Shawna Croaker and Jody Claus, Published January 07 2013
Letter: Reactive intervention too late when mental health is a factorThere has been much exposure and public conversation around mental health in light of the recent tragic school shooting in Connecticut.
The one common theme is a need to “do something.” There are many different ideas on how to intervene: more meds, less meds, special services, incarceration, more hospitalizations, etc. Another common theme is that most of these interventions are reactive.
Are all mental health disorders preventable? Can prevalence and severity be decreased and symptoms minimized? Why do some children develop mental health disorders and others don’t? Certainly this is a complicated issue with many influences.
What exactly is mental health anyway? While the causes are complex, the definition of mental health is really quite simple. It is exhibited by the quality of the relationships we have with others, experience and expression of emotion and the ability to navigate and cope through life’s challenges. This is what research tells us:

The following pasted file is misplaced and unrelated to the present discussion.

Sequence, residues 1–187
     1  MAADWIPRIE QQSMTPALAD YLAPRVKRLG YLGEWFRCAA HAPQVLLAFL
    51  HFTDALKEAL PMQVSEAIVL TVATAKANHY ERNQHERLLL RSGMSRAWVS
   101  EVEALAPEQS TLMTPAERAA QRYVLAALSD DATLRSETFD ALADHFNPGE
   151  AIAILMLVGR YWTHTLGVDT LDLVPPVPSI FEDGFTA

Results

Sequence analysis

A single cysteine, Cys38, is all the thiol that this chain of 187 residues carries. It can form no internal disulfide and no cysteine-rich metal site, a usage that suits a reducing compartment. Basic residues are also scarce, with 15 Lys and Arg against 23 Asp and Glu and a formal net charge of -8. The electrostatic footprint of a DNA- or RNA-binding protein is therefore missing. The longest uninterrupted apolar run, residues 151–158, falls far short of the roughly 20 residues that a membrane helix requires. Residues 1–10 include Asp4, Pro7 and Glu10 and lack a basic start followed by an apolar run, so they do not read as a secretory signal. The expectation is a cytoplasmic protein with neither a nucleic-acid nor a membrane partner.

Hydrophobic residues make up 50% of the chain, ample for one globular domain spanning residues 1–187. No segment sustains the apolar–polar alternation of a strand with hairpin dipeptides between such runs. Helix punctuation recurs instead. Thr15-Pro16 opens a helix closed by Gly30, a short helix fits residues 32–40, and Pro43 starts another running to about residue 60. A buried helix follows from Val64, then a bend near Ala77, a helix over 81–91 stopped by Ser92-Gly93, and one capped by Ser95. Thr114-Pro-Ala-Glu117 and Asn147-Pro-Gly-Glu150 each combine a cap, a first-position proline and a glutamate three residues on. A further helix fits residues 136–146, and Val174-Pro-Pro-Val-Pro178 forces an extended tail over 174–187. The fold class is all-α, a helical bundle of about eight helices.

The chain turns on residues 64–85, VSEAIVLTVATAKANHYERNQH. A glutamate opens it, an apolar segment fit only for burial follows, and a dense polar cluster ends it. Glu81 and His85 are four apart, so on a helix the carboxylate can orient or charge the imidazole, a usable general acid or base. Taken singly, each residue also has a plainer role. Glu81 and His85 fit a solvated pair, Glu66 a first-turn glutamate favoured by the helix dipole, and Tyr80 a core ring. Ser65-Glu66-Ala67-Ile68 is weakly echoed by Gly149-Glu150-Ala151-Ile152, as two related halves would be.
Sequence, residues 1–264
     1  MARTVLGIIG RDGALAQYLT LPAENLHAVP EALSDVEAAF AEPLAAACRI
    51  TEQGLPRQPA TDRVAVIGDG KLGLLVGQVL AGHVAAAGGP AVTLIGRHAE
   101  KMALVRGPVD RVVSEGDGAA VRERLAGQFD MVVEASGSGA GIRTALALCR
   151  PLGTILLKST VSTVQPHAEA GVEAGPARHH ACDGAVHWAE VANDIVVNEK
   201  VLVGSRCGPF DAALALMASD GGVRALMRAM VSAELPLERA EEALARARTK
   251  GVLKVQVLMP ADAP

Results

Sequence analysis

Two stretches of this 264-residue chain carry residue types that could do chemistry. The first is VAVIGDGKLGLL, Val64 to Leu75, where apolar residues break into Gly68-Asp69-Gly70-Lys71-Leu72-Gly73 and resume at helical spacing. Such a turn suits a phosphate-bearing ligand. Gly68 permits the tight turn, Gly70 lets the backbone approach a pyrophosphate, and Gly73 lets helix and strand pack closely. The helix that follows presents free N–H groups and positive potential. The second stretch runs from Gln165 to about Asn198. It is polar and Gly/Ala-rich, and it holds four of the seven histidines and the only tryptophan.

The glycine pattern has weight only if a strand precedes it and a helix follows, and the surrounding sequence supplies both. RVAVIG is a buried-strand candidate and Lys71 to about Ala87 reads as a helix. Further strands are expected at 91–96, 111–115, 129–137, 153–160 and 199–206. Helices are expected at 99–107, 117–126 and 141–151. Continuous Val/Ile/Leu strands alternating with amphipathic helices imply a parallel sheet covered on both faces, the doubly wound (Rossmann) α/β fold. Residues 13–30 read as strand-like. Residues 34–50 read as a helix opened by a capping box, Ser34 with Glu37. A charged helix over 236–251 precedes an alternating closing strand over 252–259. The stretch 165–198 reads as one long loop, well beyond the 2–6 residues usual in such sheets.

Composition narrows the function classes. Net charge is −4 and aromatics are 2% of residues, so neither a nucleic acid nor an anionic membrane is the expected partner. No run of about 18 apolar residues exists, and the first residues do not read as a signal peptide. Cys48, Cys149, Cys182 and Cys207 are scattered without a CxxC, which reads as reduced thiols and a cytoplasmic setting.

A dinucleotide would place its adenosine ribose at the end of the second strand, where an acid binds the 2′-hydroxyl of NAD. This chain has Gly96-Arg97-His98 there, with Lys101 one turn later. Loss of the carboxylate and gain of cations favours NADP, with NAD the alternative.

• Research shows that the brain is 80 percent to 90 percent developed by the time a child is age 5. The experiences during this crucial time period lay the foundation for a child’s entire life, the relationships they will have with others, how they trust and relate to the world and how they learn. These experiences, good or bad, greatly affect a child’s future.
• Ongoing stress experienced at a young age greatly increases the chances of a child developing mental health and physical health disorders.
• Early identification and intervention can prevent some forms of mental illness and decrease related symptoms. What can we do?
• Provide predictable routines, consistent and responsive care giving and loving interactions. This helps children learn to trust others.
• Whether a child care provider, teacher, neighbor or parent, never underestimate the power of your relationships with children. Children need to know that they really matter.
• Support legislation and local services that help decrease stress for families. Healthy families equal healthy children.
• Reach out to others. Ask for and accept help.
• Encourage early identification of mental health warning signs through screening and assessment. Ask your child care provider, teacher or physician for more information.
• If you have concerns, don’t just “wait and see.” Seek guidance from family, friends and professionals.
• Broaden your views and knowledge on mental health. Without question, mental health is complex.
While not all mental health disorders are preventable, symptoms can be reduced and the personal and societal impact minimized. We have spent way too much time and resources focusing on reaction rather than prevention. It is time to shift our perspective. We need to stop reacting to mental illness and start focusing on mental health.
Croaker and Claus, Fargo, are with the Children’s Consultation Network.